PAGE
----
Going Solo – Lessons Learned

A year down the line from having gone solo after many years in corporate estate agency, it’s surreal to consider my former blue-suited work life, working for one of the big three. I am grateful for my time there, as it enabled me to move on to create Rose & Partners, but I am also extremely glad I took the plunge and no longer wear that suit!

When you’re in any fast-paced corporate business and in the thick of it, you believe that there is no life outside of it and that the grass won’t be any greener. Maybe it’s some sort of corporate brainwash, ensuring that everyone is fearful of a life outside and therefore you don’t dream of it or dare to do it?!

Desperately clutching onto a basic salary and structured commission, many of us want to make the jump, but don’t quite have the courage to do so. This is fine when the going is good and the markets are providing the wind behind our sails, but that era is sadly and most definitely over and the security is no longer there.

I felt the chill approaching and I knew it was ‘now or never’, for me. Changes in market conditions and commission structures made self-employment far more appealing than lining others’ pockets. Was this a risk? Yes, for sure, but it was undoubtedly a calculated one.

The actual decision to leave was pretty straightforward in the end and the timing was gifted to me through the unexpected Brexit result, which instantly stalled the markets and changed my thinking.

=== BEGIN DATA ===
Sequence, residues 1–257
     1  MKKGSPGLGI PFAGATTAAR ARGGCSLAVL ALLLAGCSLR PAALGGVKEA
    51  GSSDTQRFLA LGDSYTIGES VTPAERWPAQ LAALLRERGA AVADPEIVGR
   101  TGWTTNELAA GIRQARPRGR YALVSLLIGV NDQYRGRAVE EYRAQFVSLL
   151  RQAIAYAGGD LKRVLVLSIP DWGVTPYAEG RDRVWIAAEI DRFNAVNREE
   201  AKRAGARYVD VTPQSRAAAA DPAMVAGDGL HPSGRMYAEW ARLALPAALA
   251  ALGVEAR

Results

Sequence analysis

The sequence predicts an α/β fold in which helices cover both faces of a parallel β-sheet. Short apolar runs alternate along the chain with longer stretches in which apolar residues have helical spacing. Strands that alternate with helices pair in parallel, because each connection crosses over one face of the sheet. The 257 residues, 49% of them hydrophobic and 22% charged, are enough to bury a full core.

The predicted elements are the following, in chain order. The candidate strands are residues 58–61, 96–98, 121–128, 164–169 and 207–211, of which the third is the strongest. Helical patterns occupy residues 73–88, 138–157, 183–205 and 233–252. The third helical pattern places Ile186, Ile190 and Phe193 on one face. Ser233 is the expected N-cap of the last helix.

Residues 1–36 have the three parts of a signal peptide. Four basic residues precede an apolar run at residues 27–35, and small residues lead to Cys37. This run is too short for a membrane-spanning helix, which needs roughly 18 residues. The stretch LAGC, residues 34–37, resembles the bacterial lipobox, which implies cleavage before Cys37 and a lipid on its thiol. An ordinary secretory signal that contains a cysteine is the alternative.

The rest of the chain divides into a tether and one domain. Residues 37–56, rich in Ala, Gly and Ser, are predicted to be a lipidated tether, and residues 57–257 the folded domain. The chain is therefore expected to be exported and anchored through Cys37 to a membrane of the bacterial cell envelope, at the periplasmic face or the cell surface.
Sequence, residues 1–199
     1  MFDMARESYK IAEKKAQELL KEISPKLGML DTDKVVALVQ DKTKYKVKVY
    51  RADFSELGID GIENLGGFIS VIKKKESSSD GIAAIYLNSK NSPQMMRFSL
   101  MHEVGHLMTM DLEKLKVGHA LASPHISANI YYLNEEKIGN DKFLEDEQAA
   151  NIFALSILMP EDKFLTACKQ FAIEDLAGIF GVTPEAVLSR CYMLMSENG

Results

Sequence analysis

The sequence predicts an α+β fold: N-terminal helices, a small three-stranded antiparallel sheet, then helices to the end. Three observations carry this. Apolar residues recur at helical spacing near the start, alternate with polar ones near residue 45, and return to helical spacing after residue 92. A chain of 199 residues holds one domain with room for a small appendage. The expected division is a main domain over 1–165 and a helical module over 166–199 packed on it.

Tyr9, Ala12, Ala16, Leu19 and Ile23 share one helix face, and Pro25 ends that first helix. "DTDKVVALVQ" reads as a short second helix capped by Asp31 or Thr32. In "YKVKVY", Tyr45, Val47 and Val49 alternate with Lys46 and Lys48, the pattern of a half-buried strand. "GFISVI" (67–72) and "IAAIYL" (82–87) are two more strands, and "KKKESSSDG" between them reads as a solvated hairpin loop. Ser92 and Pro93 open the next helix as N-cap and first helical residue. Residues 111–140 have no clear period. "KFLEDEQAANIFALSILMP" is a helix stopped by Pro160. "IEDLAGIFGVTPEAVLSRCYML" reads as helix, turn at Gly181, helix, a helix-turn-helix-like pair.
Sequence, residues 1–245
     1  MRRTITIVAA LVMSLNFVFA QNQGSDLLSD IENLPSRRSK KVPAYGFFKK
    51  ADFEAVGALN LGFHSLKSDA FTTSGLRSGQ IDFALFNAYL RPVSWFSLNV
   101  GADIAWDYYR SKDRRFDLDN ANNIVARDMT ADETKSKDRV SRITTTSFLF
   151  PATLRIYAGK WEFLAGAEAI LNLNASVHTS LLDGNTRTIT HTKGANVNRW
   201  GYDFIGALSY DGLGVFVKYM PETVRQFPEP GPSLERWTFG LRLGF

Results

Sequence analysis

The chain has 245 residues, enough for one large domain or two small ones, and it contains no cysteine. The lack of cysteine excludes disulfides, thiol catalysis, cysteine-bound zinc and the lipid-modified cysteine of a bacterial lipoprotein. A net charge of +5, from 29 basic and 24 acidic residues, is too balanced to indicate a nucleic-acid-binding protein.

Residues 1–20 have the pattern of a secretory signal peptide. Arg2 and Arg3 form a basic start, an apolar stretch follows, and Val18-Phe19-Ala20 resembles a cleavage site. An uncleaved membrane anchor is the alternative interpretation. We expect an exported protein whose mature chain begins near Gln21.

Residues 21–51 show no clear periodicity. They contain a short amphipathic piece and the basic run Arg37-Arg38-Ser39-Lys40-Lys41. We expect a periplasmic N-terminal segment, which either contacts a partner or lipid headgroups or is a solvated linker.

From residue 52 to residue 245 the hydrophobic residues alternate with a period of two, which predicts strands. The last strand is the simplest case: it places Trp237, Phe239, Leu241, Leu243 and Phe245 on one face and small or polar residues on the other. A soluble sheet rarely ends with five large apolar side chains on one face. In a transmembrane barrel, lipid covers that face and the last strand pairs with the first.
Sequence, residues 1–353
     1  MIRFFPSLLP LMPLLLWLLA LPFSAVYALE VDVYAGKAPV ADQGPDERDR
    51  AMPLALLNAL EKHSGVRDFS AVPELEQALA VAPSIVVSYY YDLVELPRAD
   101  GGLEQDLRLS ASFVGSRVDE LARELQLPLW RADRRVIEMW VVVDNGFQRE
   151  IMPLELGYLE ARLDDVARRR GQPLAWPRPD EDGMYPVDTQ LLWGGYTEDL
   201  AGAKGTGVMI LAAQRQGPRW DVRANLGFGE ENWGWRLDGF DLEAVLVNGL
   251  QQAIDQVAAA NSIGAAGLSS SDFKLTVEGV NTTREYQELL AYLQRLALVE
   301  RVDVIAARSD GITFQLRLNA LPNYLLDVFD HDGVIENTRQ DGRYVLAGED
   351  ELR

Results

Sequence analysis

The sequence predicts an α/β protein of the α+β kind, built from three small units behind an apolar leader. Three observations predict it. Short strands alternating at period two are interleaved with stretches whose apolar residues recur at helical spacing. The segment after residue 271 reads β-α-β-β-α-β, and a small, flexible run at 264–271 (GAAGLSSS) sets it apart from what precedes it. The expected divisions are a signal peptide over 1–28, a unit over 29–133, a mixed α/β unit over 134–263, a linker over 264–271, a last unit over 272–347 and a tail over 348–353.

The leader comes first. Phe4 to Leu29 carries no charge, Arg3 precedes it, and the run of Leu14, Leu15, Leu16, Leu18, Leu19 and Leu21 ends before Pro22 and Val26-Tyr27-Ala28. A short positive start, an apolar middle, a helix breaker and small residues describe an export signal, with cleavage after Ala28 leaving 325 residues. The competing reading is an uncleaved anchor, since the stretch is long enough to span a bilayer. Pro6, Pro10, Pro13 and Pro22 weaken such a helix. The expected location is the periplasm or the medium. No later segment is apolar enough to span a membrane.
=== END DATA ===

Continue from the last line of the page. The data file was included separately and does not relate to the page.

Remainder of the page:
Don’t get me wrong, it’s not all been a bed of roses, it took a good six months to mobilise an instruction base that converted to actual Sales. And, of course, I had a few of those sleepless nights that many self-employed folk have. However, established business owners told me it would take up to two years to build consistent momentum and viability, which sounds about right, but I’m confident I am on the right track.

Lessons Learned

I’ve been approached by several former colleagues asking me what it’s like on the other side and I’ve been brutally honest. There are positives and negatives of course, but I’m very glad I took the plunge and I’ve learned a lot over the last year, summarised in seven key points below:

  1. Clients value individuals and personal relationships, not brands

  2. Relationships and trust take time to nurture. Rome wasn’t built in a day…

  3. Knowing and highlighting your USP is essential. This is your power tool

  4. Stick to what you do best, don’t try to be all things to all people

  5. Define your core activities and stick to them. You need to be clear about your offer

  6. Develop a network of like-minded professionals with specialisms to take care of other client needs

  7. Never make enemies or burn bridges wherever possible. You never know when you might need help or a lifeline from a former colleague

If you’re considering a move to the other side, and would like a confidential chat, do give me a call.

Simon Rose